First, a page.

Thousands of containers diverted amid backlog at UK’s biggest port

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The problem will add to concerns about how the UK will deal with the prime Christmas period

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One of the world’s largest shipping companies has said it is moving ships away from UK ports because of the build-up of cargo.


Maersk has started to do away with its container ships felixtov, the UK’s largest commercial port, to unload elsewhere Europe before using small ships to get to the end Delivery to the UK, the Financial Times reported.

The UK port industry has also warned that some ports are managing access to storage space with “short-term restrictions” to reduce congestion issues.

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Lars Mikel Jensen, Head of the Global Ocean Network at Maersk, said, hgv Driver shortage has slowed down the time taken for emptying and lifting of containers.

/ PA collection

“We had to stop operations on a ship because there was nowhere to discharge the containers,” he said.

“Felixstow is one of the top two or three most hit terminals.

“We have to take some of the larger ships away from Felixstow and relay some smaller ships for cargo.

“We did it for a while over the summer and now we’re starting to do it again.”

The backlog at Felixstow, which accounts for 36 per cent of UK freight container volumes, will raise concerns about how the UK industry will cope with the key Christmas period.

Mr Jensen also warned that this could mean that retailers are forced to prioritize what they ship with in order to cope with congestion.

/ PA Wire

A port spokesman said: “Along with other major ports in the UK and beyond, the Port of Felixstow is coping with the effects of a global supply chain crisis.

“The vast majority of import containers are cleared for collection within minutes of arrival and there are over 1,000 unused hauler bookings on most days.

“The situation is improving and there is more free space for import containers this week than at any time since the beginning of July when the supply chain impact first began to bite.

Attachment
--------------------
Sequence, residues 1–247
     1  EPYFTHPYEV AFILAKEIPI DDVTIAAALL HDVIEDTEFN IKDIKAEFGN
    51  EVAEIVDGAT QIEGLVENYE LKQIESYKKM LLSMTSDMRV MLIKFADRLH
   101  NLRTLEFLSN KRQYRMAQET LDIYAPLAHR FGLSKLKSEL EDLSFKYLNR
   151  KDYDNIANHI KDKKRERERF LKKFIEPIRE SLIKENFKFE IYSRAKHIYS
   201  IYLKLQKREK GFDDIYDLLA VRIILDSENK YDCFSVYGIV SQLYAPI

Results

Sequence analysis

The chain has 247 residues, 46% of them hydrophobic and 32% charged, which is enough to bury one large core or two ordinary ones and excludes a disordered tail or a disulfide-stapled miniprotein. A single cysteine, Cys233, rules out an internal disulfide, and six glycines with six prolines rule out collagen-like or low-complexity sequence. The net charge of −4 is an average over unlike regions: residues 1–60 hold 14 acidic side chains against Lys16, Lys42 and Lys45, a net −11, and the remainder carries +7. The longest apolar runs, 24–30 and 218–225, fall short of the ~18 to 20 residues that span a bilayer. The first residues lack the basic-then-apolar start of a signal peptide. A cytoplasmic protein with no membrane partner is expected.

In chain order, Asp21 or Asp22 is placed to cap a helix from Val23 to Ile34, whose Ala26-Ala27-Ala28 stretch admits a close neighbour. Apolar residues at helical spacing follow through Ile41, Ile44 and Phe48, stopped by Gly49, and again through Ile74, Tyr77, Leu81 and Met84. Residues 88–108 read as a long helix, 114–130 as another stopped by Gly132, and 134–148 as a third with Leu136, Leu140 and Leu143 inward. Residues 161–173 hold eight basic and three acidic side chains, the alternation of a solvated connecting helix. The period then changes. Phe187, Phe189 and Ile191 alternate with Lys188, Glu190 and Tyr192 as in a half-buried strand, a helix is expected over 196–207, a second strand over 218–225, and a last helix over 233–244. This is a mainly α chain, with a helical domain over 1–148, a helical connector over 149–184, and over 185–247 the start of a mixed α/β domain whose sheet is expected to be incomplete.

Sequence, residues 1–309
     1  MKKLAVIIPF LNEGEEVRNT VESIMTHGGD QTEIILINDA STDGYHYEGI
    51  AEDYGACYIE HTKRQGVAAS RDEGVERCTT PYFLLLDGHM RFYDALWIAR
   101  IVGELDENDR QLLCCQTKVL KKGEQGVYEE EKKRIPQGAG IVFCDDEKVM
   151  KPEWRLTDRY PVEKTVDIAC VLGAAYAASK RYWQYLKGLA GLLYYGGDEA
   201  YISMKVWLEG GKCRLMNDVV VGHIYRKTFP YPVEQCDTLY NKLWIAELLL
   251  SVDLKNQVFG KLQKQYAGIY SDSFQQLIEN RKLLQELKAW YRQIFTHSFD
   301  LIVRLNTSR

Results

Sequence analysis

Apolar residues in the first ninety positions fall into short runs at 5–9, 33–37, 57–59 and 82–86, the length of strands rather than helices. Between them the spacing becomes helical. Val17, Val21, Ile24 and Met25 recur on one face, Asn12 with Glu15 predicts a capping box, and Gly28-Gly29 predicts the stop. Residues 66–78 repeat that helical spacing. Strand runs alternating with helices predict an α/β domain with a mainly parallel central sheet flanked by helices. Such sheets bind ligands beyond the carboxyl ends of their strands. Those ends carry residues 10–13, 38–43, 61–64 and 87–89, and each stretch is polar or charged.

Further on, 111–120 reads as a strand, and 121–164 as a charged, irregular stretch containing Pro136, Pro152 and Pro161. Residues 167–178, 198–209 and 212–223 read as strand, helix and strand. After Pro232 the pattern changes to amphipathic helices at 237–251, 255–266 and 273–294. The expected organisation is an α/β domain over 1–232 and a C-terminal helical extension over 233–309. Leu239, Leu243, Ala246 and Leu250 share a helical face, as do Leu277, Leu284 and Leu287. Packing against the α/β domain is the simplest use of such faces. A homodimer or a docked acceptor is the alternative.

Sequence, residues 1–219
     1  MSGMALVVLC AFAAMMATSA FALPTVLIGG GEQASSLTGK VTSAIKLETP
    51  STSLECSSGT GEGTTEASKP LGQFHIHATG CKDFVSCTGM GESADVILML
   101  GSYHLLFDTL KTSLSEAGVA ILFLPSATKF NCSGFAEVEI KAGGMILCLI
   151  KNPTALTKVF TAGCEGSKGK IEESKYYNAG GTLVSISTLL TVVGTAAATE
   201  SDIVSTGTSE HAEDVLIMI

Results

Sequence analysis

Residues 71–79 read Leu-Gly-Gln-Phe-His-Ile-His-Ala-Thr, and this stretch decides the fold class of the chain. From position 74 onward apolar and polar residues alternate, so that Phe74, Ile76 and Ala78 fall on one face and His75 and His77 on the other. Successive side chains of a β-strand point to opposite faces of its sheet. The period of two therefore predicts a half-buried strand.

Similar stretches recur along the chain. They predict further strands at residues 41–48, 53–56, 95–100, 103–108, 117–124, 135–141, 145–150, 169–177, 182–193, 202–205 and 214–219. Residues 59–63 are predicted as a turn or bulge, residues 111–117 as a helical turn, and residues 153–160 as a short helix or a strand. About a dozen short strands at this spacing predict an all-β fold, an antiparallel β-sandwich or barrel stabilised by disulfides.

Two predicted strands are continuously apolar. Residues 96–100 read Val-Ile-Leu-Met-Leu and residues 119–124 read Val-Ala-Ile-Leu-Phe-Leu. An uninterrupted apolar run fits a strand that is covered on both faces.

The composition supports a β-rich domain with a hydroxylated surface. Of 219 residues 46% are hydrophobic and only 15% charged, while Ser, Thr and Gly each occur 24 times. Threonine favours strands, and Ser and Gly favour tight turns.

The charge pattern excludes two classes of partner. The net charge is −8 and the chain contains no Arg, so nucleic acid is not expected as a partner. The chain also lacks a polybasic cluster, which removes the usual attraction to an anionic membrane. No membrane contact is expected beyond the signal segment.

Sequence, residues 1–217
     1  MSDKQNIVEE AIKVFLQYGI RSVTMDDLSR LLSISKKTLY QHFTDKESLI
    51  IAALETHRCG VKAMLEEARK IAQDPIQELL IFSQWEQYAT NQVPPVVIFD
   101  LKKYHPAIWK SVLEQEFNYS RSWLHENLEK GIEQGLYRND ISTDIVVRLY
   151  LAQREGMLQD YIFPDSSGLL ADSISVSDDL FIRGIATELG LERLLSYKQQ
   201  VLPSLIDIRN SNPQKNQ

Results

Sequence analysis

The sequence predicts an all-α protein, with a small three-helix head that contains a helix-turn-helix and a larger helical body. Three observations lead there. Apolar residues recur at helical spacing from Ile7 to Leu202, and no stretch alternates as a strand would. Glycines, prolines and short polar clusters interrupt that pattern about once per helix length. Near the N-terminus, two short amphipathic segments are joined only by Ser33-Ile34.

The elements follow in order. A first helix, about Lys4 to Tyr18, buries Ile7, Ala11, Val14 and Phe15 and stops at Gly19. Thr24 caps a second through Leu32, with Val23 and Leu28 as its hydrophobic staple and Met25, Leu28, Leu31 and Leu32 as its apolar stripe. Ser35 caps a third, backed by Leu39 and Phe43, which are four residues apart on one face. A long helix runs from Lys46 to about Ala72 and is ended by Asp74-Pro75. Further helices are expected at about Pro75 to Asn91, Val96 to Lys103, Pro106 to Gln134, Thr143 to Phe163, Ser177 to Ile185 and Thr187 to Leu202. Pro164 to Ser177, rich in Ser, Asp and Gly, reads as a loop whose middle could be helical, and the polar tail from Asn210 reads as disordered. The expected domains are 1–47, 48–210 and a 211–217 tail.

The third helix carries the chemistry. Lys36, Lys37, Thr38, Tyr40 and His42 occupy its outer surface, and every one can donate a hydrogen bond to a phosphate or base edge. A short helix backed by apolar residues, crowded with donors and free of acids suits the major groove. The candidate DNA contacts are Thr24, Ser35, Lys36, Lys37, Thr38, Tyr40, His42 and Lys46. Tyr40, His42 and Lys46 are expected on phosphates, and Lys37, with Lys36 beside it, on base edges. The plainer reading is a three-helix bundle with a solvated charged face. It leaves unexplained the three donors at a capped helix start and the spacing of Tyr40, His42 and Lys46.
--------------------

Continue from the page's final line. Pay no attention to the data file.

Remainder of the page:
“Empty container levels remain high as import containers are returned and we are asking shipping lines to remove them as quickly as possible.”

Lorry driver shortages have contributed to the disruption at UK ports.

Tim Morris, chief executive officer of UK Major Ports Group, said trade ports had “been badly hit by factors such as HGV driver shortages, jammed shipping and sandwiched between UK supply chains”.

He added: “Ports have taken significant action to respond to the challenges and build resilience.

“They have increased gate openings 24/7, increased trucking capacity at peak hours, sought to maximize rail freight utilization within critical network constraints, created additional storage space and allowed more people has recruited.

“But there is increasing pressure from well-publicized issues affecting all UK supply chains, particularly the shortage of HGV drivers.

“So ports have to manage access to storage space very dynamically in extreme situations. This can mean some very limited short-term restrictions.

“The ports are committed to working closely with customers and across supply chains to keep goods moving.”

And on a visit to an HGV training center near Oldham in Greater Manchester, Labor leader Sir Keir Starmer said the reduction was “absolutely visionary”.

Speaking to broadcasters, he said: “We need to get drivers back on the road as soon as possible because we have already seen the impact on fuel in recent weeks.

“Now we are seeing the impact in childbirth and it is going to go on for weeks and months into Christmas.

“And I think everyone would be saying that we need to do something about it, we need to get that training.

“But for heaven’s sake, it was predicted, it was absolutely far-sighted, and the government did not respond.

“We knew when we left the EU that we would need a plan B regarding drivers, we knew there would be an impact because of the pandemic, and here we are in the middle of a crisis and we’ve got, What? A prime minister who is missing in action.”

Sites elsewhere around the world have also suffered significant delays.

Retailers have highlighted particular issues in China and East Asia, where pandemic restrictions and inclement weather conditions have affected shipping.


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